RPT-UPDATE 3-India’s Modi steps up economic reforms, eyes privatisation [coal sector] – by By Manoj Kumar and Krishna N Das (Reuters India – October 21, 2014)


NEW DELHI, Oct 20 (Reuters) – India promised on Monday to open up the coal industry to private players and moved closer to selling a stake in a state-run oil company, as Prime Minister Narendra Modi picked up the pace on economic reform days after relaxing fuel price controls.

Using an executive order, the cabinet agreed to allow private Indian companies to mine and sell coal at an unspecified future date, Finance Minister Arun Jaitley said. That sets the stage for the biggest liberalisation of the industry in more than 40 years.

The ruling party’s success in two state elections last week capped several days of action on the economic front and has given Modi more room to cut through a thicket of regulations and state controls he says holds back Asia’s third-largest economy.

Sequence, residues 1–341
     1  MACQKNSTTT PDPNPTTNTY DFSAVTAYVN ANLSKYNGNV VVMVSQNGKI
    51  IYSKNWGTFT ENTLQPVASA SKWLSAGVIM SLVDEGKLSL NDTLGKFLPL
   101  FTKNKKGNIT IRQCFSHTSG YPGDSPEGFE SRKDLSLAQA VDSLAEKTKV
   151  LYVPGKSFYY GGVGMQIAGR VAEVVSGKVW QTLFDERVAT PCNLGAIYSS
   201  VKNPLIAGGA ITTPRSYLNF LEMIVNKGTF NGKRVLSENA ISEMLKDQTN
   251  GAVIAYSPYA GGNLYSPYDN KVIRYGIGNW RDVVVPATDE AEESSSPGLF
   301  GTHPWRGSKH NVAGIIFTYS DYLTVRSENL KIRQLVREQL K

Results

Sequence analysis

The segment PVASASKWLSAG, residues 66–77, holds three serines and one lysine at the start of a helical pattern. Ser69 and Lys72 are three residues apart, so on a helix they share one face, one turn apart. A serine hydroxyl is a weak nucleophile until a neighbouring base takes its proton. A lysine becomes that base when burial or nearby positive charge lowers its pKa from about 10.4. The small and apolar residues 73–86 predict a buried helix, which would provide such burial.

“Reform is the art of the possible,” Jaitley earlier told TV network ET Now, hinting that more was to come. “In the first year, when people expect lot of reforms and there is lot of popular support behind the reform process, it is more easily possible.

Modi was elected in May on promises he would create jobs and rejuvenate the Indian economy, but investors and economists were disappointed by his first budget and a lack of early progress on fixing structural economic problems. In the last week, he has gone some way towards quelling those concerns, putting in a reform-minded team at the finance ministry that includes prominent economist Arvind Subramanian to help formulate the budget and policy.

The economy is showing some signs of revival and inflation has plummeted, aided largely by a drop in global oil prices.

On Saturday, the cabinet freed diesel pricing of government intervention and raised the price the government pays producers of natural gas by a third to $5.61 per mmBtu.

Modi also begun an overhaul of creaky labour rules, cutting the power of labour inspectors and slashing the red tape for small companies that makes India one of the toughest places in the world to do business.

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